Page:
Page 18-19 of ‘Continuous Cities’.

Some of the most satisfying photos in House of Love feature sculptures by other artists as their subjects. Right from the first shot of a big bunch of thin and long metal blades gleaming golden in reflected light, which, set against a black background, look almost like a frozen burst of fireworks encased in darkness. This and other such photos are nothing less than portraits of sculptures. Singh, in effect, is creating new art by photographing existing works of art and adding new meaning to them.

It is interesting to look at all the manmade objects Singh has photographed—from sculptures, to dioramas, to pandals, to actual buildings and factories. These five categories form a progression of sorts—starting with sculptures, which represent pure art, and ending with factories, which represent objects of pure utility with little place for ornamentation. In between, we have dioramas, which are artistically made but essentially educational; then pandals, which are basically tents to hold people or temporary shrines but are very ornately and often cleverly designed; and finally houses and apartments that are living spaces, but built with a certain amount of care as to how they look.

This steady progression from pure art to pure utility can serve as an illustration of the ties between art and life. In House of Love the Taj Mahal makes an appearance as all of these—as a metal sculpture (by the artist Sudarshan Shetty), as scale model (the kind found in souvenir shops), as a pandal, and finally as a photo of the actual building (a print of a daguerreotype, the earliest form of commercially successful photography). For a moment, the black–and-white shots of the pandals—modelled to resemble famous and mundane buildings, as well as factories—blur the distinction between the real and the replica. In doing this, they remind us that art, or the instinct to seek out beauty, and life, or the instinct to survive, are inseparable.

The intimate link between life and art also brings to mind one character that looms large in the book—the city of Kolkata. The absence of a physical address where the photos were shot is crucial to their composition, but still, Sen’s essays and a couple of captions along with some visual cues indicate that many photos were in fact taken in Kolkata. The Kolkata we glimpse here, with its dilapidated houses, their slatted windows and stained walls oozing ‘character’, with its famously creative pandals shot in pristine black-and-white, and with the interiors of buildings that hark back to a vanishing past, fits with our established ideas of the city. But the view from Singh’s camera, devoid of crowds and the hustle bustle, while adding a strain of melancholy, also cuts out the noise, enabling us to glimpse the city’s essence.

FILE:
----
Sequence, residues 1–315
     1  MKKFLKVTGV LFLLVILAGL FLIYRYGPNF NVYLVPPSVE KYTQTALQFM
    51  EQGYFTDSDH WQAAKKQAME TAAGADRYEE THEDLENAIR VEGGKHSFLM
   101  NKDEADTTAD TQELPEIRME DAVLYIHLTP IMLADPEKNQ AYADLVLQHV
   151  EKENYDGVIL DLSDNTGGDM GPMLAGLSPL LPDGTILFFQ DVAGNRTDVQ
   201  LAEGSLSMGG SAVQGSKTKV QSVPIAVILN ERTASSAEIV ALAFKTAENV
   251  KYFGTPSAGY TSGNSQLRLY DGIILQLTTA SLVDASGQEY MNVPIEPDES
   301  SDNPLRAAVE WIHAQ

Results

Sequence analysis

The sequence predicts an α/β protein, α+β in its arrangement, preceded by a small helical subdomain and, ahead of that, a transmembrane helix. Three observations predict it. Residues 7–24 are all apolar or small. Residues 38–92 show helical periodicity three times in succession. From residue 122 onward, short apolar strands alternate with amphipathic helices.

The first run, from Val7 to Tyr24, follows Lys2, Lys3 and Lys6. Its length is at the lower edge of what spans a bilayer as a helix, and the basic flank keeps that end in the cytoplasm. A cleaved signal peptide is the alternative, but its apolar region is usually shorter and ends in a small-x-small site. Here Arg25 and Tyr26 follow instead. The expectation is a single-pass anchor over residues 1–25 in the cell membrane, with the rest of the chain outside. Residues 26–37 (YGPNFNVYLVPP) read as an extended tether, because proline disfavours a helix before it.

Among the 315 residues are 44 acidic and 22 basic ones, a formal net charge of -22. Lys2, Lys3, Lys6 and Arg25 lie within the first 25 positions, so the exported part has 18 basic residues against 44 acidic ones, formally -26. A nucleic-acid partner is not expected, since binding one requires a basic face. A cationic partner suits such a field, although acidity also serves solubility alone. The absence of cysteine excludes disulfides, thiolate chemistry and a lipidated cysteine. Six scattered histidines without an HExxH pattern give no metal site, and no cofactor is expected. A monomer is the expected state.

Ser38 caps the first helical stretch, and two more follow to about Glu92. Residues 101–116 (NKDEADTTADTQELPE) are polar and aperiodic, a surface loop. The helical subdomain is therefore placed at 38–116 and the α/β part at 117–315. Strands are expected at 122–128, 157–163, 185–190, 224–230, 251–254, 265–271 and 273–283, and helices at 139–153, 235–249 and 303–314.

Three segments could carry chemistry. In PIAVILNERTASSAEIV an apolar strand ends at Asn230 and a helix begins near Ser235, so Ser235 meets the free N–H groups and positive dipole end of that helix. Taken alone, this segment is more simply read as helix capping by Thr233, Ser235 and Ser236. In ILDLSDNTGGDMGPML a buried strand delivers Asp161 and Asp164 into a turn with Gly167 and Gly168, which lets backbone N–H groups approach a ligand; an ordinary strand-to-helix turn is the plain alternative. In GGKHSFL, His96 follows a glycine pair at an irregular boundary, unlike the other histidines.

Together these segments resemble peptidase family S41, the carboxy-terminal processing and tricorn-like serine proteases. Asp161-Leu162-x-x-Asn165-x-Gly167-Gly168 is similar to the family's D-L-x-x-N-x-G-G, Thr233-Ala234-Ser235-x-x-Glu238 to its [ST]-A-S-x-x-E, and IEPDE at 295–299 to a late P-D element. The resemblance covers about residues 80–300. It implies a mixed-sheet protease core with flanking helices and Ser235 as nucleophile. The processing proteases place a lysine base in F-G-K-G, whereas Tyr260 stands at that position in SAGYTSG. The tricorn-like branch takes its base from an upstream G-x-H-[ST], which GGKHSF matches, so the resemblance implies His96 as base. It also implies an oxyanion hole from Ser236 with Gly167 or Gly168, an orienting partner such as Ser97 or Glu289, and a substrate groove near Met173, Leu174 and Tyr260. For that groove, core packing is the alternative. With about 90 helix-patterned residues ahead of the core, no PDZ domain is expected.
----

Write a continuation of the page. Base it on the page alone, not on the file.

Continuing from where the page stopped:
Coinciding with the launch of the book, House of Love opened as a show at Gallery Nature Morte in New Delhi. Not all the photos could be accommodated on the gallery’s walls and therefore visitors were only able to see about half the photos that are in the book—in effect, four and a half stories. Nonetheless, the gallery visitor wasn’t really worse off than the book viewer—these photos sufficed.

The sense of short story or a novel gets even more diluted at the show. The frames in ‘Continuous Cities’ were arranged as a loose grid on a wall and it doesn’t feel inappropriate to compare it to a box of chocolates—mint, rum and some other flavours assorted in no particular order.

On her website Singh calls herself a bookmaker first and then a photographer; the books of her photos are presented as individual works of craftsmanship. This order of priority is apt in the case of House of Love—with few exceptions the individual photos or the diptychs do not make an impact unless you stay with them for a while, something that is easier to do with the book than at the show.

The photos in House of Love are not meant for a quick look—they demand extended involvement from the viewer. The elements in the book that finally do cohere offer the kind of satisfaction we expect from someone of Singh’s stature as a photographer. And what does not work nevertheless shows that she is not afraid to plunge into the unknown.